Does Lack of Familiarity Make Arabic More Difficult?

My recent post about the Arabic Alphabet received an interesting comment from Moroccan linguist Dr. Abellah Elhaloui:
all the aspects of Arabic that the writer finds "difficult to learn" are, for my 9-year kid, not only easy but also taken for granted (Adam writes near-perfect Arabic without even thinking he is giving different shapes to the same letter). This is exactly what we call Russel's Paradox (a learned COMPLEX system seems very SIMPLE to the one who has already learned it!). Users of English should be thankful that they find a system where the sound /ou/ is spelled o (bone), ough(although), oh (oh my God!), oe (foe), ow (low) ... an EASY system.
This is a really enlightening exploration into the nature of language acquisition, and, more accurately, our perceptions of difficulty when it comes to acquiring a language. What makes learning a language difficult or easy? And is there any specific about Arabic that makes learning it more difficult than other languages?

What Dr. Elhaloui points to is how relative our perceptions of language difficulty truly are. To his son, who presumably began learning Arabic as a small child, the difficulties that new students encounter with Arabic are mere formalities. Just as all of the crazy rules about English that frustrate ESL and EFL students seem so natural to we native English speakers.

In other words, because we approach Arabic with no prior exposure to it, we perceive the language as difficult. As Dr. Elhaloui implies, all languages are complex systems. We  English speakers have mastered one just fine, and as a result we should be able to master another. It's our lack of familiarity with the language which makes the task seem so daunting. However, if we practice, it will all become second nature to us.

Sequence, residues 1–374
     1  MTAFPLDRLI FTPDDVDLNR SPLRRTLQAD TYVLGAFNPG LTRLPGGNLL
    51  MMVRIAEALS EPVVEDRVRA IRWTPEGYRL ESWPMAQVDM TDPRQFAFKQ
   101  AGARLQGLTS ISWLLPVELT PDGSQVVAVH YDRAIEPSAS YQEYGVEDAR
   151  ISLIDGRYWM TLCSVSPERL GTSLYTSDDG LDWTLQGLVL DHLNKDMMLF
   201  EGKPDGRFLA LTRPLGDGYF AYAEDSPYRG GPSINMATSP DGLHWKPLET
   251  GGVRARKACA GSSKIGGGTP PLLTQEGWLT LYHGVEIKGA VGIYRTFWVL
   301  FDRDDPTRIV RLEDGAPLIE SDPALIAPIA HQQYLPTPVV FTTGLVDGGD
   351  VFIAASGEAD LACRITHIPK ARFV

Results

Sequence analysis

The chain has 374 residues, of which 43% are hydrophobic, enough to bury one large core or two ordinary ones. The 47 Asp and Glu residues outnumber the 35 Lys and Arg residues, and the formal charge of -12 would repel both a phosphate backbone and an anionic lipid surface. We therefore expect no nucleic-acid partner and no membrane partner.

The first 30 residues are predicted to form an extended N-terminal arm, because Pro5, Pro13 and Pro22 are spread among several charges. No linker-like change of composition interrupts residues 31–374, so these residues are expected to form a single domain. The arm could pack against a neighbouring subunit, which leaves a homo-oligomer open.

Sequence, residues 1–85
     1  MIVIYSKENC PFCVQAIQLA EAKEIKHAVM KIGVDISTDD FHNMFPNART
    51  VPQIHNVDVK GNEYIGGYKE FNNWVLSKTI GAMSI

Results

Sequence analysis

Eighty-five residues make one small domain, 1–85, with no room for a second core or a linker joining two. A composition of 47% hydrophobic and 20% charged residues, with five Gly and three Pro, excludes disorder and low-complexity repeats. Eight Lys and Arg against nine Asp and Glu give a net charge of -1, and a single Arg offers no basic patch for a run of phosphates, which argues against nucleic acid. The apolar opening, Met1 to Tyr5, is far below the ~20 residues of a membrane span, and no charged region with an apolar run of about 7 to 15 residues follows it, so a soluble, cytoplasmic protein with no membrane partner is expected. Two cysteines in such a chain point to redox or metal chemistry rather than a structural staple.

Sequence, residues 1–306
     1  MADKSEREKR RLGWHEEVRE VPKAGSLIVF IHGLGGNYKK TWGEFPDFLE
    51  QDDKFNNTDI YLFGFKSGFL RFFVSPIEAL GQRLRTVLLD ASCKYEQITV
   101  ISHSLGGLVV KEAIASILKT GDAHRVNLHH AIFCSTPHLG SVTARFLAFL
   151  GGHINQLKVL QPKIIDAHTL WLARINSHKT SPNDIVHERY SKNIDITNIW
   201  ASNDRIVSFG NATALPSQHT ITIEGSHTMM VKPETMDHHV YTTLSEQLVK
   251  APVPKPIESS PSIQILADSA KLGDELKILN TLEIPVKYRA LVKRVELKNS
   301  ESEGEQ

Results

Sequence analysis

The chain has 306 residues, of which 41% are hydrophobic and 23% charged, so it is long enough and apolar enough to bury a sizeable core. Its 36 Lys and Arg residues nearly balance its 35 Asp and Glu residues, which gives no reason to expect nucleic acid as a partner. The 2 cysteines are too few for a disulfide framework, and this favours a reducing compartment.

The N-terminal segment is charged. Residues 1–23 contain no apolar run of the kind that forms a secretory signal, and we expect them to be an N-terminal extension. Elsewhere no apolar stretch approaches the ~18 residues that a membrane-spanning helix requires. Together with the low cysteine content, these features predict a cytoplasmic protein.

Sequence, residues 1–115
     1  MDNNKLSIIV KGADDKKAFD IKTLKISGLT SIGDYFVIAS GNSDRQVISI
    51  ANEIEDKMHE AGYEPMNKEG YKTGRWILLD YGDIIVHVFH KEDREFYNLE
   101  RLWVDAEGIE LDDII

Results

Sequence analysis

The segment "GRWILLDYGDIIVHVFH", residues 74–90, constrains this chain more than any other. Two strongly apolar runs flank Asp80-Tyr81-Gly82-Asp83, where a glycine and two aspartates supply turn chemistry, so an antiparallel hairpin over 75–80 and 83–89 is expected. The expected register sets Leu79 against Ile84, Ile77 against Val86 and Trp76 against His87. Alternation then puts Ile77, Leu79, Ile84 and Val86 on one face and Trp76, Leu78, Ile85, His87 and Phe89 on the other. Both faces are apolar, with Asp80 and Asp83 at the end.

I think there's a great deal of truth in Dr. Elhaloui's notion. The very fact that we consider a language as 'foreign' implies that it is different from whatever language we speak and are most familiar with. Overcoming that sense of difference is part of acquiring the language.

Familiarity with the target language can help in many ways, including constructing your perception of the foreign language. If you grew up with a Spanish-speaking relative or neighbor, merely hearing the language, even if you didn't learn any of it, can make learning it easier. Because of that exposure you're familiar with the language, and thereby more comfortable with it.

We can also say that Arabic has a much smaller cultural presence in the United States than some other foreign languages, including Chinese which is also considered to be very difficult to acquire. Undoubtedly, the 'cultural distance' or lack of familiarity with Arab culture adds to the stress associated with learning Arabic. Especially at a time when Islam, which is closely tied to Arabic, is so villified in the United States.

But the notion of familiarity must go farther than this. Rather than merely describing our perception of a language, it must also describe the relationship the target language has with our native language. The 'distance' between those languages greatly influences language acquisition. Stemming from two different language families, Arabic and English have many linguistic differences separating them.

Linguists group languages into 'families' based on the proximity of their origins. English belongs to the Indo-European family which includes most European languages, Hindi, Urdu and Iranian. Languages in this family share certain characteristics into grammar, syntax, phonology and morphology. Speaking English grants us familiarity with these components, and naturally makes learning languages within the family easier.

As a Semitic language, Arabic does not share many characteristics with English or any other Indo-European language (except Persian, Hindi, Urdu and other Central Asian languages use the Arabic alphabet). There are very few cognates between English and Arabic, and those that do exist refer mainly to the modern world. These terms disappear when you dive deeper into Pre-Modern and Classical Arabic.

What does this mean for Arabic language learners? It means that learning Arabic involves a kind of re-conceptualization of language altogether. As English speakers we have beliefs about how adjectives should act, how verbs should be conjugated, how to express necessity, and how to organize paragraphs and essays. When it comes to Arabic, especially Classical Arabic, you have to familiarize yourself with a totally new set of linguistic beliefs.

That distance is what can make it so difficult, especially in the beginning. Aside from the complexity of the system itself, there's the sense of isolation that comes with trying to learn a language that has very little in common with your mother tongue. When there is so little you can grasp onto in the beginning, it can be harder to answer the question: "Why am I studying Arabic?"